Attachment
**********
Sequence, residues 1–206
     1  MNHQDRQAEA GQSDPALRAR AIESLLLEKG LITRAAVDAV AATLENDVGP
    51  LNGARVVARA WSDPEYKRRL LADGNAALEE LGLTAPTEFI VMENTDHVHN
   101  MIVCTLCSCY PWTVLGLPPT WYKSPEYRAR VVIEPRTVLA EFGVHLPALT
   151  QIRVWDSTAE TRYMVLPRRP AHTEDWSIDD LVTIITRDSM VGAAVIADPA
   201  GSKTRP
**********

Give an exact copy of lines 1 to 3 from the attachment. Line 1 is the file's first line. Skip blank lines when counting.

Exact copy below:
Sequence, residues 1–206
     1  MNHQDRQAEA GQSDPALRAR AIESLLLEKG LITRAAVDAV AATLENDVGP
    51  LNGARVVARA WSDPEYKRRL LADGNAALEE LGLTAPTEFI VMENTDHVHN